Jewish World Review Nov 2, 2011 5 Mar-Cheshvan, 5772
Daley: Uncivil Politics Reflects Us
By Roger Simon
"I said to my wife when we got here — and we had great press when we got here — I said: 'Six months, that's about how long, then they'll kick the s—- out of us.' So I got nine months out of it. That's pretty good," Daley told me with a laugh.
We were sitting in his West Wing office, he in an armchair and me on a couch. My digital recorder sat between us on a low coffee table.
"This is on the record?" Daley asked.
Yes, I said, but if you want to go off the record, just say so, and I won't use that part. In the hour or so that followed, Daley never went off the record. He spoke frankly about how difficult the first three years of the Obama administration had been and what President Barack Obama intended to do in the future.
The day that my column appeared, it was the subject of the first, second and fourth questions by members of the White House press corps at the daily briefing. (The third question was about the Occupy Wall Street movement.)
When I was invited on CNN's "John King, USA" to talk about my column that day, King's first question was whether Daley and I had been drinking. King was joking, and I laughed, but I also assured him (truthfully) that we had not been. But I took the question as a compliment.
There were other shows and stories and blogs and tweets. Which raises the same question after any White House interview that makes a splash: Who was using whom?
Had I really gotten Daley, a political veteran, to say anything he had not intended to say? Or had Daley used me, a press veteran, to convey White House talking points?
My answer is simple: Don't know, don't care. You can drive yourself crazy asking yourself that one. The column met my ultimate test, the test a column has to pass before I hit the send button: I liked it. I thought it was good; I thought it was fair; I thought it conveyed something.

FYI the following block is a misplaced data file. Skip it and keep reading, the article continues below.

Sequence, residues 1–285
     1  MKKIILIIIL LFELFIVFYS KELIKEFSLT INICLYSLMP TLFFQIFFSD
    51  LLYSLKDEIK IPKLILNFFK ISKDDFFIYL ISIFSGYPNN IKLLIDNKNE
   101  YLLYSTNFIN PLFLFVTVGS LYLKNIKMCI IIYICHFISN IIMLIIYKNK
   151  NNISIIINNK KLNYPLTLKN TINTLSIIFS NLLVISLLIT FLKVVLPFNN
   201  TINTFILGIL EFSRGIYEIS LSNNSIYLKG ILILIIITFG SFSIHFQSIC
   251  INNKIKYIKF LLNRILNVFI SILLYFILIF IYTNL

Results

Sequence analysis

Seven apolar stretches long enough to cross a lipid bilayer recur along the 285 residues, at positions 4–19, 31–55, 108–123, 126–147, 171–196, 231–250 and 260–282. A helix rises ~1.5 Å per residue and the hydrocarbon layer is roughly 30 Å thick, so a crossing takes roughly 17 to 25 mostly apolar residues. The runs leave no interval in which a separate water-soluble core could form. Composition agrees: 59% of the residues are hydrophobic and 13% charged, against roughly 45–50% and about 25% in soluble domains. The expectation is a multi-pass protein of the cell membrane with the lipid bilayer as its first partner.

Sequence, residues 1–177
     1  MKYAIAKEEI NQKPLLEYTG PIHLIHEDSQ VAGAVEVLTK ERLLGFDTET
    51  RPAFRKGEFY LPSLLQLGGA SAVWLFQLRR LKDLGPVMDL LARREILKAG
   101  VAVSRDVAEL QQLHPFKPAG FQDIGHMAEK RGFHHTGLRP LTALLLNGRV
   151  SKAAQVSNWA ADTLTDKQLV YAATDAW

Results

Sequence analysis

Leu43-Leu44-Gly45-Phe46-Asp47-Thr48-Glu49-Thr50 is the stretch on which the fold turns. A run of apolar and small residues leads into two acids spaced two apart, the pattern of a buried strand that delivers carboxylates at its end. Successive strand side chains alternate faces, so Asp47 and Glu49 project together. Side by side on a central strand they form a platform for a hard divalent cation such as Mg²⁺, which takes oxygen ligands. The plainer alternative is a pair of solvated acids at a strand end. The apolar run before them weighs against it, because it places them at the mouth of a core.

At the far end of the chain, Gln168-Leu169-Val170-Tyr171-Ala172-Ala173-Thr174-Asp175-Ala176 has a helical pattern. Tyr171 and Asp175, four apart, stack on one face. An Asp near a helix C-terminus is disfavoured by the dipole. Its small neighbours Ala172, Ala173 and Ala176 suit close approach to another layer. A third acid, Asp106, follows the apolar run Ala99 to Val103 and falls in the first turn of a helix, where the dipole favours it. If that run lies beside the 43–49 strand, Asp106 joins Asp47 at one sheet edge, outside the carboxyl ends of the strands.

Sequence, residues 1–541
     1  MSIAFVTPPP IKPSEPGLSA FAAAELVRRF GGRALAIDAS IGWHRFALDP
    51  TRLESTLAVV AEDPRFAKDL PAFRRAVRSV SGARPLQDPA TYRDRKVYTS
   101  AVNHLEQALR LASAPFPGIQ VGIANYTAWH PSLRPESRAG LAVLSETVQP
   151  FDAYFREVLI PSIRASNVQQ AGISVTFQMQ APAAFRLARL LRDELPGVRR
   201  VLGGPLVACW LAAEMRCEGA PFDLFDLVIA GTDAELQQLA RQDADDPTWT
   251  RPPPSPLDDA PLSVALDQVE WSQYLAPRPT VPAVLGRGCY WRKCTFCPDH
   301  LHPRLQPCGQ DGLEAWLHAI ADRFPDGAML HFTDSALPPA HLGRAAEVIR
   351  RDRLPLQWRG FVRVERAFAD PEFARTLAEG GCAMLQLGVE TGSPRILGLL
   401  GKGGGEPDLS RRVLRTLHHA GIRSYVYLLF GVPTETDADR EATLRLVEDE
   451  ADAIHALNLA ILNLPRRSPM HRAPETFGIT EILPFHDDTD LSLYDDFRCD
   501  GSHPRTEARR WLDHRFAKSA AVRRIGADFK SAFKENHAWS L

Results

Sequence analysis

Mike McCurry, Bill Clinton's very able press secretary, once told me: "The modern presidency is defined by the manipulation of the news flow 24 hours a day."
And I always keep that in mind. But the manipulation of that news flow has gotten more and more difficult over the years.
In my interview with Daley, I asked him: How much more difficult does the media make your job?
"What's the media today?" Daley replied. "Everybody's got a camera, everybody's got a website. Everybody whose got a telephone can be a media person. And how people get their information and communicate is very different.
"It's very much more difficult, I believe, today, to govern in this very diffuse way in which people get and give information. There isn't anything we do here (in the White House) that gets to the American people that isn't filtered."
I had first heard the term "filtered" applied to the media by the late Lee Atwater, who was George H.W. Bush's campaign manager in 1988. Atwater may not have invented, but he perfected, what is today nearly universal for political operations: formulating a "message of the day," the talking points that all members of the operation push to the media.
Either you control that message, or the media pick their own message. And you don't want the media picking their own message.
"It's not like a campaign where you buy ads," Daley said to me about the downside of White House incumbency. "So everything you do is filtered. There's a thousand ways people get that information, but every piece of it is filtered maybe multiple times, and it makes it very hard to get into the consciousness of the American people."
So the media is a filter, not a neutral conveyor of news? I asked.
"The fragmentation of the media over the last 25 years is a big change," Daley said. "There are liberal radio stations, TV stations, magazines. You've got conservative TV, radio, etc. You don't need to go near what you don't want to believe in today."
This may be a return to earlier centuries, when nearly all the press in America was partisan. But that is not necessarily a good thing. Today, many believe there is too much partisanship.
"The politics reflects the society," Daley said. "A lot of people say: 'Oh, politics is so uncivil. Isn't that terrible? Why can't they get along? Gee, I've never seen anything like this.' Well, it should be better, but maybe it's more reflective of society."
Daley talked about the popularity of reality TV, where "everybody yells at each other, they throw things at each other, they're obnoxious to each other, they swear at each other."
"And watch the cable (news) shows," he said. "What gets (ratings)? The angry, the nasty, the insulting, the edge thing. So maybe politics is just more reflective of society than we want to admit."
He paused. "We want to think politics should be better," he said. "But maybe it is more reflective of us. And that may be what we don't like to see."
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